First of all, let’s create a local branch. In order to create a new local branch, execute the command git checkout -b newbranch. This will create a new local branch and switch to it. An output similar to the one shown below will be available.

$ git checkout -b newbranch
M	src/com/javacodegeeks/SayHello.java
Switched to a new branch 'newbranch'

Now, let us change some code in SayHello.java as shown below:

SayHello.java

package com.javacodegeeks;

public class SayHello {
	public static void main(String[] args) {
		System.out.println("Hello there!");
		System.out.println("Printing even numbers");
		EvenNumbers.printEvenNumber(11);
		System.out.println("Printing odd numbers");
		OddNumbers.printOddNumber(12);
	}
}

The developers occasionally need to check the differences between the files at the remote repository. Whenever this is required, simply execute the command git diff to check all the modifications. An output similar to the one shown below will turn up.

$ git diff
diff --git a/bin/com/javacodegeeks/SayHello.class b/bin/com/javacodegeeks/SayHello.class
index 0e9d8e3..6c45444 100644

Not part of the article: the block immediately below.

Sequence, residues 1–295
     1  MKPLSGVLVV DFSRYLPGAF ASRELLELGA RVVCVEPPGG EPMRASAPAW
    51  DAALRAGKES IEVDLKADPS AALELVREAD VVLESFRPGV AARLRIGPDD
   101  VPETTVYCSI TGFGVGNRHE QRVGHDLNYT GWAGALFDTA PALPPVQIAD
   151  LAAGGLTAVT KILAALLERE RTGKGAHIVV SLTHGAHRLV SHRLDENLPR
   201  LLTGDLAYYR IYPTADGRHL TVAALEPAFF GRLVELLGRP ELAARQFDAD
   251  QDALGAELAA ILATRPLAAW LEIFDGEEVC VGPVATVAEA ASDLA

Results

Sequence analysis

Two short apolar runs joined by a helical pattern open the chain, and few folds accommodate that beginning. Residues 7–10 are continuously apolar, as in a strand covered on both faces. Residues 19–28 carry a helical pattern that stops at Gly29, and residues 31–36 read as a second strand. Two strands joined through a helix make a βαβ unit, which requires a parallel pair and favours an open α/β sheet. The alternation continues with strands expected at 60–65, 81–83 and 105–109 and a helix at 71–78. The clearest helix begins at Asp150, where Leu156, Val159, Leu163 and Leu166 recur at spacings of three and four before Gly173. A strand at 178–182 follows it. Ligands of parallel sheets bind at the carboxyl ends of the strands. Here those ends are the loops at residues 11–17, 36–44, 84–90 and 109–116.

Binary files a/bin/com/javacodegeeks/SayHello.class and b/bin/com/javacodegeeks/SayHello.class differ
diff --git a/src/com/javacodegeeks/SayHello.java b/src/com/javacodegeeks/SayHello.java
index 815b53a..4276f44 100644
--- a/src/com/javacodegeeks/SayHello.java
+++ b/src/com/javacodegeeks/SayHello.java
@@ -3,7 +3,9 @@ package com.javacodegeeks;
 public class SayHello {
        public static void main(String[] args) {
                System.out.println("Hello there!");
+               System.out.println("Printing Even numbers");
                EvenNumbers.printEvenNumber(11);
+               System.out.println("Printing Odd numbers");
                OddNumbers.printOddNumber(12);
        }
 }

As it can be noticed, there are + signs to indicate that the two lines were added. For the .class files, Git is unable to read them as text since they are binary byte codes. Hence, it merely says that they are different from what was committed earlier. Now, its time to push these changes and merge them to the master branch. The procedure to push the changes to the remote repository remains the same. Execute the commands as shown below: